prevent anyone from creating their own user accounts, and from being able to edit the wiki. This is important because, although your private namespace will be locked from the public, your public wiki is still open. Someone can enter and they will land on your wiki (the public pages, not your private ones). Without these two lines of code, they can, if they want, create a username and start creating/saving/modifying pages in the public part of your wiki. If this doesn’t bother you, then you can exclude these two lines. I chose to add them because I’ve envisioned at some future date “publishing” some of my more finalized / supplementary wiki pages, and doing so would be just a matter of moving these pages from the namespace I created to the general wiki. Anyone online could then read them, but not change them, so these would function a bit like appendices to my books. And, in the meantime, I can be assured my public wiki will remain empty until then.

What if you want to have special user accounts who can access your private wiki in read only?

This is just a matter of adding two more lines of code to the list above (just add them directly below the last line):

$wgGroupPermissions[‘SpecialUser’] = $GroupPermissions[‘user’];
$wgNamespacePermissionLockdown[NS_SECRET][‘*’] = array(‘SpecialUser’);

Here, replace “SpecialUser” with whatever you want to call this special account. Replace “SECRET” with the name you gave your namespace. For instance, if you want to call these users CoolPeopleClub, and your namespace is called Notes, then you would have:

$wgGroupPermissions[‘CoolPeopleClub’] = $GroupPermissions[‘user’];
$wgNamespacePermissionLockdown[NS_NOTES][‘*’] = array(‘CoolPeopleClub’);

Now, when you are logged into your wiki and creating accounts for people, you will see “SpecialUser” (or whatever you choose to call it) listed and you can select that privilege for the users you want to have view-only access to your private wiki. They won’t be able to edit it because of the editing restriction—the only people who have that privilege are administrators like you, or other admin accounts you choose to create. This is why I highly recommend you implement the no edit / no account creation restriction on your wiki as a whole.

How to make wiki pages in your private wiki and FINALLY bring your fantasy world to life!

Now, finally, we have our fantasy world ready to be created! All that remains is learning a bit about how MediaWiki actually works.

The first and most important thing is how to get onto your private wiki.

This is a simple matter of opening your browser (Chrome, for example) then typing in the following (replace “secret” with whatever you chose to call your namespace):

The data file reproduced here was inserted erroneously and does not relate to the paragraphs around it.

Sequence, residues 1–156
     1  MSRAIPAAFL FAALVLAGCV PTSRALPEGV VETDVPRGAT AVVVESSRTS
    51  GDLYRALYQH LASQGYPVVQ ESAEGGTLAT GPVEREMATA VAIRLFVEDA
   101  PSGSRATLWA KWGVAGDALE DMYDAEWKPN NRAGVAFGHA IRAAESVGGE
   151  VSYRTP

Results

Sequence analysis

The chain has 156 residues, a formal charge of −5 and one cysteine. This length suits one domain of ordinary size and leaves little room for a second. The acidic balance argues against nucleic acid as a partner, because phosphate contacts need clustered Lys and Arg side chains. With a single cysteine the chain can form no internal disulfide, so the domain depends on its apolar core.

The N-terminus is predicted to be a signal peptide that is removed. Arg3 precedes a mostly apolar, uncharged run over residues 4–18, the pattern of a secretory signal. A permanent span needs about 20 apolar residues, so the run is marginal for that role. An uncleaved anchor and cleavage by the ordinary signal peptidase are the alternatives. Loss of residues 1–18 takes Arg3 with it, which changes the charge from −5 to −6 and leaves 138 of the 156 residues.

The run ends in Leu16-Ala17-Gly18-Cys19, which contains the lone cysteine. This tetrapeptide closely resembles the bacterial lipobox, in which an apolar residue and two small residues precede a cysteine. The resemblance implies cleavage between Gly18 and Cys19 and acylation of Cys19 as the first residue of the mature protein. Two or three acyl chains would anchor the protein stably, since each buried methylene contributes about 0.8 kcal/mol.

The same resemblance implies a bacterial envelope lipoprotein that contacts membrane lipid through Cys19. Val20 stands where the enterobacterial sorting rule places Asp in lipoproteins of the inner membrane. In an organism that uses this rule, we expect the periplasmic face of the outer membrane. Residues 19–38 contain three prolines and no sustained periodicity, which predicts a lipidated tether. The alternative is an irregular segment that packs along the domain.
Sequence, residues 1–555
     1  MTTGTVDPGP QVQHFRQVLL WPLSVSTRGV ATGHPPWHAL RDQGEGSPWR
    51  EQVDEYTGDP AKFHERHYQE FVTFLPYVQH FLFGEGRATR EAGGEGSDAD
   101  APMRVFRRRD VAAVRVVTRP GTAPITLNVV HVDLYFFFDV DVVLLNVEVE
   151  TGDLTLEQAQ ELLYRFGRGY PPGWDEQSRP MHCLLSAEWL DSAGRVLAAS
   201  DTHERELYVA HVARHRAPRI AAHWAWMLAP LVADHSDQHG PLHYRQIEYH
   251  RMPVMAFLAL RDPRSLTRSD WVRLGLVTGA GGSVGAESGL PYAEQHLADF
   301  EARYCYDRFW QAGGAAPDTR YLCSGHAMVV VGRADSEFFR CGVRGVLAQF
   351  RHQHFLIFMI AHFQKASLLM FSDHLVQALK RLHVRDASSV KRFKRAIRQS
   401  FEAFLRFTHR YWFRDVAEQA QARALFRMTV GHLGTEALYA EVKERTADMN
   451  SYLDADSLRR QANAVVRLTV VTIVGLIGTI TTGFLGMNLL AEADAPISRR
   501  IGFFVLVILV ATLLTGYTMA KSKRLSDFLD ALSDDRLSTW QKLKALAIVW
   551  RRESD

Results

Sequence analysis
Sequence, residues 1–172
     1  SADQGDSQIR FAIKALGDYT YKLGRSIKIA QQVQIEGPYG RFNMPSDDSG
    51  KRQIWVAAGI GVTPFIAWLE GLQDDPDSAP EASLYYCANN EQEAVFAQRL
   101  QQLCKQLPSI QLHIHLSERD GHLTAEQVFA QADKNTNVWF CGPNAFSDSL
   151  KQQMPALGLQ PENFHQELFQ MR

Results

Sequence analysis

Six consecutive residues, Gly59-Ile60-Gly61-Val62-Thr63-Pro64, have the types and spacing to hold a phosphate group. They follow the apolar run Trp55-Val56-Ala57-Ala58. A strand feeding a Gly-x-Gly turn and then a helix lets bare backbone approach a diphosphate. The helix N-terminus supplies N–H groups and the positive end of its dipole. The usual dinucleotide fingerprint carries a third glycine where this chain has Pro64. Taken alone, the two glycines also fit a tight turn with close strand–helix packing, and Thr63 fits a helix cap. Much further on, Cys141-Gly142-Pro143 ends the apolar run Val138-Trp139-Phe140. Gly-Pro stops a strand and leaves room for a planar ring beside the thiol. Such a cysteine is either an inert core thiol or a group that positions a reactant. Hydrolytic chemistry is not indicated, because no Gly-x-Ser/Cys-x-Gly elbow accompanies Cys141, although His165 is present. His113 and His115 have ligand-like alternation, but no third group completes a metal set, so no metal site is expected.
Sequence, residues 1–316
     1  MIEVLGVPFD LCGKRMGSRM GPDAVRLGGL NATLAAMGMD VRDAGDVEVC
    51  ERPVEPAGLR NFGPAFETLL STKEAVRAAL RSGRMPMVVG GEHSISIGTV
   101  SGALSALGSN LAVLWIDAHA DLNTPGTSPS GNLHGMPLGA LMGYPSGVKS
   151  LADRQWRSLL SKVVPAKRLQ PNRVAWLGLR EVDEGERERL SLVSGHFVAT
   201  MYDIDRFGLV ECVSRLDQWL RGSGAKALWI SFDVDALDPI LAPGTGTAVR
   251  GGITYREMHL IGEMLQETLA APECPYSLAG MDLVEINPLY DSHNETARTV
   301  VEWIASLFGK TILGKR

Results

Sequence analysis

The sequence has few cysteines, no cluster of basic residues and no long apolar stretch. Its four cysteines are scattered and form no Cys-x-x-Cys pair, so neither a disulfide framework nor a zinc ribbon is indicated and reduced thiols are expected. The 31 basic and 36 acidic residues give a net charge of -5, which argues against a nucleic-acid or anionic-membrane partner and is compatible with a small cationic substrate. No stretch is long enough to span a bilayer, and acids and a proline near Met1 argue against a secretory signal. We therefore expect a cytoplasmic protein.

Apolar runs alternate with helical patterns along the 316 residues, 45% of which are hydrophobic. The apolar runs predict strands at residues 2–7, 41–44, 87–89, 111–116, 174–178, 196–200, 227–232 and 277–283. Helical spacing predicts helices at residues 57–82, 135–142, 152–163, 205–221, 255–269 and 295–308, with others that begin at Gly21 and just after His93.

The first thing that’s going to happen is you’ll come to a login screen. Use the admin username you created when you set the wiki up and login.

Now you’ll see a page that looks a bit like Wikipedia, but you’ll see a sentence on it telling you the page doesn’t exist yet. On the top right menu, there is a “create” option. Click that and it will make a text window load. You can type in anything you want then save it to create the page.

If you’re new to this and just want to create your first page so you have a “home base” for your wiki, then simply type “Hello world” then hit save. Now you’ll see, whenever you visit “” and login, the two words “hello world” in the main screen on the right.

You’ll also see secret “Secret:Index” displayed above that in larger font. This is called the display title and it’s on every page.

This is what the final line in the script above is for:

$wgRestrictDisplayTitle = false;

It allows you to customize the display title on each wiki page you make. If you don’t add this, all your pages in your private wiki are going to have the display title: Secret:Page_name, where “Secret” is the name of the namespace you create, and Page_name is the specific name of the page you create (more on how to do that below).

To change the display title on each page, type:

{{DISPLAYTITLE:Desired Name}}

where “Desired Name” is whatever you want to appear at the top.

In our example of our first index page with “Hello world” on it, if you want to call it “Index”, you’d type in the text box:


on the first line (above “Hello world”).

From here, the world is your oyster. You can create new pages anytime you want to branch out. You just need to make sure they always take on the form:

where Secret is the namespace you chose for your private wiki, and Page_name is whatever you want to call the page. For instance, if you have lots of character notes and want those all in one page, and you want to call that page “Characters”, you just type in:

This page doesn’t exist yet, so all you need to do is is click create on the top right menu and enter in whatever text you need. You can change the display title at the top with the same syntax as above, i.e. if you want its heading to read Major Characters, the very first line should read {{DISPLAYTITLE:Major Characters}} and whenever you view this page you will see Major Characters as the main header. Enter in then whatever text you need for your notes and save it to create the page.